A Cuckoo named Tor has come back to life, having been given up for lost in the Congo Rainforest.
Tagged on Dartmoor last summer as part of a project by the British Trust for Ornithology, and supported by the Dartmoor National Park authority and Devon Birds, Tor vanished in the second largest rainforest on earth during early December 2013. However, on 2 March 2014 he reappeared, transmitting 450 miles further north, from the northern edge of the forest in the Central African Republic, close to the border with Cameroon.
Dr Chris Hewson, lead scientists on the project at the BTO said, “I had a sneaking suspicion that we might hear from Tor again and I am absolutely delighted to have been proven right. When we last heard from Tor the information from his tag suggested that the tag wasn’t quite working properly and that it might have failed. However, we know that these birds can be vulnerable to the weather, predators and even to human hunters during the winter months in Central Africa, so, it was a huge relief when Tor popped-up again."
He added, “He isn’t out of the woods yet though. He has only just completed the first leg of his journey back to the UK. He has another 7,000km (4,300 miles) to cover before he gets back to Dartmoor, which will include a stopover in West Africa, the crossing of the Sahara Desert, a flight over the Mediterranean and southern Europe, before arriving here anytime from late April.”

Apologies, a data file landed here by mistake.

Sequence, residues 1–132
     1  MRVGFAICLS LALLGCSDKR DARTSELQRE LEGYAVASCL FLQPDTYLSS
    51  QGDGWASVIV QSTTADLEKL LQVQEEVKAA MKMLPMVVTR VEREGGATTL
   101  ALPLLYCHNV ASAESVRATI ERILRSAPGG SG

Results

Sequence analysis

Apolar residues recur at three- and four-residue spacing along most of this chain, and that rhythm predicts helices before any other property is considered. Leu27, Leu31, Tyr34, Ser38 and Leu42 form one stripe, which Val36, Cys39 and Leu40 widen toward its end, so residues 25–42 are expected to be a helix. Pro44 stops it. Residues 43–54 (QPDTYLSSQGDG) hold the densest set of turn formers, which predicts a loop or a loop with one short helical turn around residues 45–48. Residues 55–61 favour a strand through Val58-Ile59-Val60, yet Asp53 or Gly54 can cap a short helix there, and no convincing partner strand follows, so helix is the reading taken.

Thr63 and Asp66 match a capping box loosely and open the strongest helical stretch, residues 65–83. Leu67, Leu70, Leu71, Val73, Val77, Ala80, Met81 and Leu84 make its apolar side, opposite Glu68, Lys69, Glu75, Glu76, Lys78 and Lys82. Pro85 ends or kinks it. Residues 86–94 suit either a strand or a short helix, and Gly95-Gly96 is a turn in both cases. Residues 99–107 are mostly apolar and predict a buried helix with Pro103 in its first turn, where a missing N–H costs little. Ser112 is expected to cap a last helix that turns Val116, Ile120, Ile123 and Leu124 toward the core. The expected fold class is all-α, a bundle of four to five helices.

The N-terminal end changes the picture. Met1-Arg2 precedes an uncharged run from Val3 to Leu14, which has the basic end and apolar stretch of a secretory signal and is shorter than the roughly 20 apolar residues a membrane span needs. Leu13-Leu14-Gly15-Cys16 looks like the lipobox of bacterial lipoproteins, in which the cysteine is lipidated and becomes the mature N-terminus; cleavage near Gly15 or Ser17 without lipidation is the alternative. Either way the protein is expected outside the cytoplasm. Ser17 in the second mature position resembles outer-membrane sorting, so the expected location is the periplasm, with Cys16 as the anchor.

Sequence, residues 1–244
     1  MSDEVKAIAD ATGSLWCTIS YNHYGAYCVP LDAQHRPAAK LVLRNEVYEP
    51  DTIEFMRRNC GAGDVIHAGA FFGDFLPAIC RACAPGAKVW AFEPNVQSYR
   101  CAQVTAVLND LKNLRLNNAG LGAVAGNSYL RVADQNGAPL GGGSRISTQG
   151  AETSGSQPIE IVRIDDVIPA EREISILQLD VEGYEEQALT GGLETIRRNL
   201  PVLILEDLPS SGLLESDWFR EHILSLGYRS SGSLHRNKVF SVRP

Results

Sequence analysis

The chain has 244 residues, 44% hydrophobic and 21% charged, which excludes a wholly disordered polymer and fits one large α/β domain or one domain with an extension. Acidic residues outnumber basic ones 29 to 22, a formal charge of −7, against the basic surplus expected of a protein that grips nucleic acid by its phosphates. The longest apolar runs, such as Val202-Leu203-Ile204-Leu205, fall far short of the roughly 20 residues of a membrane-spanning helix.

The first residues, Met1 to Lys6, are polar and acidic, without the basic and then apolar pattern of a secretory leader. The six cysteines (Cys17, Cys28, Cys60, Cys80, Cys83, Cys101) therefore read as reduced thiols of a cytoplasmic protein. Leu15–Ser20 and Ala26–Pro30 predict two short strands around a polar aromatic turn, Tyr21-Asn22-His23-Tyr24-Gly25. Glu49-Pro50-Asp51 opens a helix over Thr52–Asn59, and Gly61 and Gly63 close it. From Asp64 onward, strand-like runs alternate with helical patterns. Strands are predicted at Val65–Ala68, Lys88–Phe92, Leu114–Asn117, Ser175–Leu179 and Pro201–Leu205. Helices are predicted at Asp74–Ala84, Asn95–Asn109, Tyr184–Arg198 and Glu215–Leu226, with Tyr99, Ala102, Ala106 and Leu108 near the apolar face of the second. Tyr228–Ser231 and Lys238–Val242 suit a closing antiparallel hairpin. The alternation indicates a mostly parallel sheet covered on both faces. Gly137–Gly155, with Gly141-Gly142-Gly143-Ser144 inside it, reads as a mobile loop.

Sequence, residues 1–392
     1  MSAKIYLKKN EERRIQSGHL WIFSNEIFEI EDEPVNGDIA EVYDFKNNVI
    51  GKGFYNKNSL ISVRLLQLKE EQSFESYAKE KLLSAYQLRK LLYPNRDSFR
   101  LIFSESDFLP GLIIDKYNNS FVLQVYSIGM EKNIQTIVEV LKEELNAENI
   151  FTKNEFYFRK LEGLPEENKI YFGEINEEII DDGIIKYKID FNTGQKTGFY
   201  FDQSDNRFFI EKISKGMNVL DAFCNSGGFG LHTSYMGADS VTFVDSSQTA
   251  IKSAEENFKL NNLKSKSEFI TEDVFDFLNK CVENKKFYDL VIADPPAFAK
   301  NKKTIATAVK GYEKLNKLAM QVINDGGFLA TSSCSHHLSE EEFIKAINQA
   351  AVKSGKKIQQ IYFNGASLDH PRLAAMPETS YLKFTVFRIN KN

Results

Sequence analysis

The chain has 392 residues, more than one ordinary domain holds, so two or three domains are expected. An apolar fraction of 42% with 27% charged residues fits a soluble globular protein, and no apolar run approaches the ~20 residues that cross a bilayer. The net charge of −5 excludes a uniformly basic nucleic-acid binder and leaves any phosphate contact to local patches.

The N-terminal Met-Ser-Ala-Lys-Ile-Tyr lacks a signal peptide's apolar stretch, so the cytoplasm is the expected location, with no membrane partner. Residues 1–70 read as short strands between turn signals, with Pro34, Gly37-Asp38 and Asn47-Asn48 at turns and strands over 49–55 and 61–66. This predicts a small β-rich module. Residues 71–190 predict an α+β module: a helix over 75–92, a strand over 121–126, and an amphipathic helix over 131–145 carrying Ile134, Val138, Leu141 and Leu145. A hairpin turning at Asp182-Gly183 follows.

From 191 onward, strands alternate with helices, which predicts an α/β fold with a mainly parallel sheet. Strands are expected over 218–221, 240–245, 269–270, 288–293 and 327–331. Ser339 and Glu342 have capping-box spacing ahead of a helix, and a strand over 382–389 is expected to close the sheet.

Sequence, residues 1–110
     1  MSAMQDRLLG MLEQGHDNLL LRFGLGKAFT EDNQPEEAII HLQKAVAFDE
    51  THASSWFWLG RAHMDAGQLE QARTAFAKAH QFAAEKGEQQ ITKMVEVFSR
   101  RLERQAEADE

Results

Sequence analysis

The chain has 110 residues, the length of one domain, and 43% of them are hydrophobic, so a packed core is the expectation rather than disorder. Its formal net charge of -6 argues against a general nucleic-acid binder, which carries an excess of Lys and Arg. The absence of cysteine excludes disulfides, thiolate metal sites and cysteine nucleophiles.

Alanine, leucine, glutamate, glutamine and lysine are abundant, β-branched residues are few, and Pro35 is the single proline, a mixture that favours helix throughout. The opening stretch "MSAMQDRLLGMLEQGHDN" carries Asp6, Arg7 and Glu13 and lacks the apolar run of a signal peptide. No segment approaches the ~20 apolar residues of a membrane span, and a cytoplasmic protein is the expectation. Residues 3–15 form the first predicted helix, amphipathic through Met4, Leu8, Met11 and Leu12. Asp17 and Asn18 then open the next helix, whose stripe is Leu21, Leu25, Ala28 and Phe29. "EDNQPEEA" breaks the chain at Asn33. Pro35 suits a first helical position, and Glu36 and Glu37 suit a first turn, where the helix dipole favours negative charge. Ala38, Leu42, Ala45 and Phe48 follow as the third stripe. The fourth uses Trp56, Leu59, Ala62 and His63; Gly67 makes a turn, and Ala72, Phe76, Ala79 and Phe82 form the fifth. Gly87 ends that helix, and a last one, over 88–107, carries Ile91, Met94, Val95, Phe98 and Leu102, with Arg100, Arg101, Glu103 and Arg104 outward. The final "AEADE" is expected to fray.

Naomi Barker, Ecologist for the Dartmoor National Park Authority said, “We were thrilled to see Tor reappear on the map. Four Cuckoos had been tagged on Dartmoor last year, and we had already lost two Cuckoos on migration, as well as being faced with potentially having lost Tor. It shows how necessary it is to continue with this project, as new and exciting discoveries continue to be made, helping us understand the worrying decline of Cuckoos.”
Tor is part of a project to find out what Cuckoos in Devon do once they leave for the winter, you can follow Tor’s journey at www.dartmoor.gov.uk/cuckoo or www.devonbirds.org.uk. He is also part of a wider project that is currently following 12 Cuckoos as they make their way back to the UK, to follow all 12 birds, please visit www.bto.org/cuckoos.
The Devon project is joint funded by Dartmoor National Park Authority and Devon Birds, and is part of a national project run by the British Trust for Ornithology.
Notes for Editors
- The BTO is the UK's leading bird research charity. A growing membership and up to 60,000 volunteer birdwatchers contribute to the BTO's surveys, collecting information that underpins conservation action in the UK. The BTO maintains a staff of 100 at its offices in Thetford, Stirling, Bangor (Wales) and Bangor (Northern Ireland), who analyse and publicise the results of surveys and projects. The BTO's work is funded by BTO supporters, government, trusts, industry and conservation organisations. www.bto.org
- To find out more about the Cuckoo project, please visit, http://www.bto.org/cuckoos
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